School committee officially delays start of school year
By Dakota Antelman, Contributing Writer
Northborough/Southborough – School administrators shed new light on their coronavirus reopening plans at a School Committee meeting Aug. 5, emphasizing a need for flexibility in the framework the district ultimately adopts.
Presenting a 35-page summary of their work, members of the school reopening advisory panel spoke alongside Superintendent Greg Martineau. Together, they answered questions for the majority of a more than four-hour meeting before seeking approval to send their summary to the state Department of Elementary and Secondary Education for review.
“It’s a rapidly evolving situation,” Martineau said in introducing his plan. “What we know now will mostly likely be different from what we know a week from now or a month from now. It is important to be agile.”
Aiding in that agility, Martineau notes, will be new simplification of online learning tools to buttress either hybrid or full remote learning when school starts next month.
High school and middle school students will all see their classes organized through the website, Canvas. Younger students, meanwhile, will operate through Google Classroom.
“No matter what course the high schooler or middle schooler is taking, there will be some structure that they can really rely on,” Martineau said.
This embrace of Canvas and Google Classroom comes in direct response to parent feedback on the chaotic remote learning of this past spring.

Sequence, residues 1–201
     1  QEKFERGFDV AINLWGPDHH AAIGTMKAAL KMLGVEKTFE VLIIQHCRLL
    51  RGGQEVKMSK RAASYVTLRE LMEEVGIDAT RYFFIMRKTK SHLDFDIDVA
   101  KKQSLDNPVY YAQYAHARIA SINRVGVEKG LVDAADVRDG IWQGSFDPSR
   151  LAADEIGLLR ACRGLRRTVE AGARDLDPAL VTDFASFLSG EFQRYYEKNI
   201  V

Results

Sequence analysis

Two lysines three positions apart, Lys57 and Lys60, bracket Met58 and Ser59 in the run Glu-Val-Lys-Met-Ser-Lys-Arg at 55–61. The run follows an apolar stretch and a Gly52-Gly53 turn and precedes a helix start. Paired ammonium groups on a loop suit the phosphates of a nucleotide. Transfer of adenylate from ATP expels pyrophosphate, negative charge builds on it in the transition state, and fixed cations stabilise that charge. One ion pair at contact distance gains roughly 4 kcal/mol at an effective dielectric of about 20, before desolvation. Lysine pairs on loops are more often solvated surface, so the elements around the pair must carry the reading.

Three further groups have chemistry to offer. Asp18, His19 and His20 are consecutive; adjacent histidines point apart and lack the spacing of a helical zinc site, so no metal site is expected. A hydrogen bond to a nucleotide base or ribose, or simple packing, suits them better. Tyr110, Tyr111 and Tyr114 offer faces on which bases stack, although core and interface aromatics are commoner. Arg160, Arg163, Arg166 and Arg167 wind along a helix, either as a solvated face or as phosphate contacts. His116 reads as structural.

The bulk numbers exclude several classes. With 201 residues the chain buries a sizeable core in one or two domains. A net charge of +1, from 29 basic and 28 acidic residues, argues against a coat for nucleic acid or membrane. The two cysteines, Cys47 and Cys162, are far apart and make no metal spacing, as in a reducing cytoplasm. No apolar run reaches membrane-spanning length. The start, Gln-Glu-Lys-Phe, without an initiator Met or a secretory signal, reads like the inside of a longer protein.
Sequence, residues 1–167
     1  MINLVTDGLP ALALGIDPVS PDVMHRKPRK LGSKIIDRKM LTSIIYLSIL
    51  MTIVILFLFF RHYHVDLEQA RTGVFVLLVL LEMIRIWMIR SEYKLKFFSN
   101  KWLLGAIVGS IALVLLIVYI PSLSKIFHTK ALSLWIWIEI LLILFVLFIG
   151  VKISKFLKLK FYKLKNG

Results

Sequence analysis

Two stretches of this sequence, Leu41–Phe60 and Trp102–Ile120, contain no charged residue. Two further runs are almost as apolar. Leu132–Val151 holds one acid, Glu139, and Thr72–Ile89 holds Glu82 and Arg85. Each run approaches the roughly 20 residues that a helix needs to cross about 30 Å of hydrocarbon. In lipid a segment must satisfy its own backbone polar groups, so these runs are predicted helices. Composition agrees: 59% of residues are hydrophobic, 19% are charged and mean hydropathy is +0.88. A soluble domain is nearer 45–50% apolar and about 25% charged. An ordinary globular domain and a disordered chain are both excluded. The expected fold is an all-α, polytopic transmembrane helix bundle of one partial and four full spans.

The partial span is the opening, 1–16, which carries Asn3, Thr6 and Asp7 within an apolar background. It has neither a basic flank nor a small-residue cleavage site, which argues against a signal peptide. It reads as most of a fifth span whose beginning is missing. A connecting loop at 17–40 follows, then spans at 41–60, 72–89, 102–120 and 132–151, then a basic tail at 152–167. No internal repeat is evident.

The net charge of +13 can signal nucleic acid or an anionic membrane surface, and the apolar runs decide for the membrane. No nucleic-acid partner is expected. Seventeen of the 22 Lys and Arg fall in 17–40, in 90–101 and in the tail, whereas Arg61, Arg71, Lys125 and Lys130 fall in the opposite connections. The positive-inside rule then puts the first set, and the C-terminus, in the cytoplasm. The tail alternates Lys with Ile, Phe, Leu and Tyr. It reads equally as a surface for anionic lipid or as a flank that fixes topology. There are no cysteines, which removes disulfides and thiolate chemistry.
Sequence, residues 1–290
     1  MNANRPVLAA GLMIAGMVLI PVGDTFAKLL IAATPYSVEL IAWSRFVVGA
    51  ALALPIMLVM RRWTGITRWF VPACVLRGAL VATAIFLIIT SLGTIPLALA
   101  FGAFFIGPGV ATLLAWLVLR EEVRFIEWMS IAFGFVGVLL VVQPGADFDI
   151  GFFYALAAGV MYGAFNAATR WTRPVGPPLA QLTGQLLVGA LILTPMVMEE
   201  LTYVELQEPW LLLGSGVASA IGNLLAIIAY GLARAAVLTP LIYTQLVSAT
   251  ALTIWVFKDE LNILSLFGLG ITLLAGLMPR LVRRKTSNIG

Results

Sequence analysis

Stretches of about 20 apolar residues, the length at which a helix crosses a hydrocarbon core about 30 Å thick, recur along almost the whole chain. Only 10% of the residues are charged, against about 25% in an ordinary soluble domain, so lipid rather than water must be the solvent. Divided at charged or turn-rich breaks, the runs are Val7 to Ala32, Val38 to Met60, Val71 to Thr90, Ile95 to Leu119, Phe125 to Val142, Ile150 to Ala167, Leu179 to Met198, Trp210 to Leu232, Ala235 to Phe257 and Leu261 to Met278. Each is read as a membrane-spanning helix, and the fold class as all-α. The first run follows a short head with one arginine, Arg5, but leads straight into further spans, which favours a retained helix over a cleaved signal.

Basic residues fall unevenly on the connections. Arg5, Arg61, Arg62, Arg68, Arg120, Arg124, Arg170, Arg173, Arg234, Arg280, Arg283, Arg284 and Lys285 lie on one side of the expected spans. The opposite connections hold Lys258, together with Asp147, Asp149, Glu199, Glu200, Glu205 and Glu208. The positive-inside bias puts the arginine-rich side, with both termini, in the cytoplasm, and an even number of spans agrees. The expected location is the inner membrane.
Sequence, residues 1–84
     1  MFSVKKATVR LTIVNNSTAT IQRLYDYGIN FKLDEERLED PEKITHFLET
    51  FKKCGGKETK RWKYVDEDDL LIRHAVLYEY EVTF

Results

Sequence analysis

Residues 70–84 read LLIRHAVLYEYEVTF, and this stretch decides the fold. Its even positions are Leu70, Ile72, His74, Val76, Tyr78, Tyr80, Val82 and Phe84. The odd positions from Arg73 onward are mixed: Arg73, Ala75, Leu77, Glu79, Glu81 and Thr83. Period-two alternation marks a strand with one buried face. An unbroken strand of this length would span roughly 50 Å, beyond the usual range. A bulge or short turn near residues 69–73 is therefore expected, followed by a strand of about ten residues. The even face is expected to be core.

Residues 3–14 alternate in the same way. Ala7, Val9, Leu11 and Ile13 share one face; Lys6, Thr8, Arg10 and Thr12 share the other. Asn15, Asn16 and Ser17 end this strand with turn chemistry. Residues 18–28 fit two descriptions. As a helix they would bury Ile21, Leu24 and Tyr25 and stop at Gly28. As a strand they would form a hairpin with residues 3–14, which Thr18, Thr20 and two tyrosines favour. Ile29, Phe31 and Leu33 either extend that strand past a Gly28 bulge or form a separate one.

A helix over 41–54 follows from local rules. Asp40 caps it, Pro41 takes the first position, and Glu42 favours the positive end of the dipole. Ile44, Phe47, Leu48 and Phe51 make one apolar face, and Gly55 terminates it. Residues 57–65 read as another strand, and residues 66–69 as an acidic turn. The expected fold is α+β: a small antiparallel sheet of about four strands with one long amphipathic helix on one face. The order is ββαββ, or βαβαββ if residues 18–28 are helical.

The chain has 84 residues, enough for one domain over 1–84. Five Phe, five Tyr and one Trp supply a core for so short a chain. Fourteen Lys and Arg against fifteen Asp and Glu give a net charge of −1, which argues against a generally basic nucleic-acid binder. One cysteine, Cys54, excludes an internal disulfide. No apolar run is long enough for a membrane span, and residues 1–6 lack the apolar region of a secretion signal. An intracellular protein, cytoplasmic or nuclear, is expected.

As the district sought to quickly pivot after the coronavirus shutdown, they set up their own online system. That, though, relied heavily on third-party logins and separate websites that left parents and students confused, administrators acknowledged.
Further responding to concerns like that, administrators also announced their district’s plans for 1:1 technology availability to help should COVID-19 data suddenly show a need to shut down schools again.
“We want to move seamlessly in and out of models,” Martineau said. “So we want students to have the technology that they need to be able to work from home.”
As they addressed their three reopening models – full in person, hybrid, and full remote – administrators did offer new information on the hybrid mode that many districts in the region will be using in the fall.
They relayed new guidelines from the state clarifying how many days per week special education students would attend school in person.
Special education students who spend less than two hours per week receiving specialized services would be in school alongside the rest of the student body, following the typical schedule of getting two days of in person learning per week. Those with more than two hours per week of specialized services would get an extra half day of in-person teaching.
Students who spend more than 25 percent of a typical week receiving such services would come to school for four days and those who spend more than 75 percent in specialized services would stay in the classroom for five days per week.
“In all four of these scenarios, parents would receive notification of any changes in instruction,” Director of Student Support Services Marie Alan said.
With the future remaining tenuous, the school committee also voted to delay the start of the school year to Wednesday, Sept. 16.
Thanks to an exemption for all Massachusetts districts, schools will only need to be in session for 170 days this year, instead of the typical 180.
Northborough/Southborough teachers will come into work as planned starting Monday, Aug. 31, allowing them 11 days of prep time.
“This is welcome in the sense that we could use this time to really make sure that we’re prepared to launch the school year for our students,” Martineau said.
To see the Northborough/Southborough schools’ full coronavirus reopening plan, visit www.nsboro.k12.ma.us